The first is the bureaucracy. While Canada benefits hugely by having a professional and non-partisan civil service, a minority Parliament will be a new experience for many of them. They are used to having a Minister and Department who listens to their expertise and advice, and when necessary acts upon it. But taking action will be difficult now, and there are no more ‘sure things’ for any Minister.  He or she does not control the agenda of Parliament as they did in the past. For the good of the country, lets hope the  bureaucracy realizes that everything is different. 

For example, more Bills than ever will be referred to a Standing Committee before Second Reading. This means (essentially) that they will go to Committee in draft form, inviting MPs to make wholesale changes and amendments as they see fit. They will go to Committee quicker, pass the House votes more readily, and be in and out of the process before you can say, ‘who’s writing the regulations for this’. 

Gone are the days when all of the clause-by-clause grunt work of some official in the bowels of the Justice department would be passed through Parliament with a wink and nod. Nothing can be taken for granted anymore. 

In the past, if a Committee or an aggressive MP got the ‘bit in his teeth’ along the procedural way, changing the Bill too much or making amendments never before seen by a Clerk or Speaker, the Minister stepped in at the last minute and fixed the problem by getting his MPs to vote against anything egregious. A cooperative majority on Committee could delete every clause of a problematic Bill, or if necessary, (just in case the Committee had gone astray) re-instate clauses that had been amended out of recognition. But that tactic will not work any longer. The Opposition outnumbers the government on every single Standing Committee, so they control the agenda, the witnesses, the amendments and the time the Bill will be reported back to the House. This means the independent and technically qualified bureaucracy needs to be bluntly honest with MPs about what is critically important and what is not. The usual reticence to speak candidly about potential ‘consequential amendments’ or unforeseen problems has to be minimized.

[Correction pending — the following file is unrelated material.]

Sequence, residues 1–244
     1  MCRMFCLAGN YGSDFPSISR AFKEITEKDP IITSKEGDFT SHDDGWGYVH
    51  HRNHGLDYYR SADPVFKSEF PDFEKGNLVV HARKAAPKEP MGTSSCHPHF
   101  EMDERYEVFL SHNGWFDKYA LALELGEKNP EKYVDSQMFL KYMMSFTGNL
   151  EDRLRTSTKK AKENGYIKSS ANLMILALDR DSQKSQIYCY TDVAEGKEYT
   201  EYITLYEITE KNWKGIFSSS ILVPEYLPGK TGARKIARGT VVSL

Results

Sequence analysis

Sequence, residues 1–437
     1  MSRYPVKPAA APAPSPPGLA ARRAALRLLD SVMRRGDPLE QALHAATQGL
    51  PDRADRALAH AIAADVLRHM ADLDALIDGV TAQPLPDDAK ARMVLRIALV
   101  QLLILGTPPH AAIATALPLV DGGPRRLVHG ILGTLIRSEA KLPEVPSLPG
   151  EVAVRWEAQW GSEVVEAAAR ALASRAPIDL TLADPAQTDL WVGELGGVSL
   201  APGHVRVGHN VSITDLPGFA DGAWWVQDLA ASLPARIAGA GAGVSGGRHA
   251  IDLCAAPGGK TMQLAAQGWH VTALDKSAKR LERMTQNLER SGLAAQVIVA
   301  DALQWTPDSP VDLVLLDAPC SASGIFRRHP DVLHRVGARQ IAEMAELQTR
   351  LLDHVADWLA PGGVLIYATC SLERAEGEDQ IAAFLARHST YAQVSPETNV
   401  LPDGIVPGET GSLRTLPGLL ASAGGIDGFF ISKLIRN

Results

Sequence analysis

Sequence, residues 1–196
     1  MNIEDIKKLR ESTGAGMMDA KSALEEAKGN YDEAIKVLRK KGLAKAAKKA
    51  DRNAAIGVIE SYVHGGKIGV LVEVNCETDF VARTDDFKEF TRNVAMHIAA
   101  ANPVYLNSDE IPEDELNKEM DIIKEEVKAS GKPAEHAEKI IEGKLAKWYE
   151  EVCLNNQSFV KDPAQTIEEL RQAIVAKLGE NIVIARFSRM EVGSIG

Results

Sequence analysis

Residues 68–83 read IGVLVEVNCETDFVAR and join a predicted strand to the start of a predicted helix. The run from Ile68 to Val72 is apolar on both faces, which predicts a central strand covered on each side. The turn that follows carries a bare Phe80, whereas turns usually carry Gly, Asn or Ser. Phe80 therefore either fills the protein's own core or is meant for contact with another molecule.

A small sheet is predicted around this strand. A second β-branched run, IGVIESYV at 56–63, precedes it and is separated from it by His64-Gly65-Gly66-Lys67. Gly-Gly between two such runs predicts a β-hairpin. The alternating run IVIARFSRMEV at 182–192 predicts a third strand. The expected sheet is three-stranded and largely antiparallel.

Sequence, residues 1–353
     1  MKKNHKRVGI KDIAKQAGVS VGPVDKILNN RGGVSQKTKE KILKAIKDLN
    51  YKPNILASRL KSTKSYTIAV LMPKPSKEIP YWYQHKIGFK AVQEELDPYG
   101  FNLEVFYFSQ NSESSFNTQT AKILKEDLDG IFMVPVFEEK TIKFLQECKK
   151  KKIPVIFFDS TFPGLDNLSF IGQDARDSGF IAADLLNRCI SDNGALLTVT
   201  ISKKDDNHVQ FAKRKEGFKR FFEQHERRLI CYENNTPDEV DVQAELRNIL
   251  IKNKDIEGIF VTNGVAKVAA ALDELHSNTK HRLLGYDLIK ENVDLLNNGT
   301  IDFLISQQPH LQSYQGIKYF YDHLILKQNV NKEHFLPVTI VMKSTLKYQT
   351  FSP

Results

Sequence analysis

MPs will listen to sage advice, but they cannot easily ‘read between the lines’ if the advice is coated in bureaucratic mumbo jumbo. Bureaucrats need to tell it like it is, and let the Committees and MPs benefit from their expertise.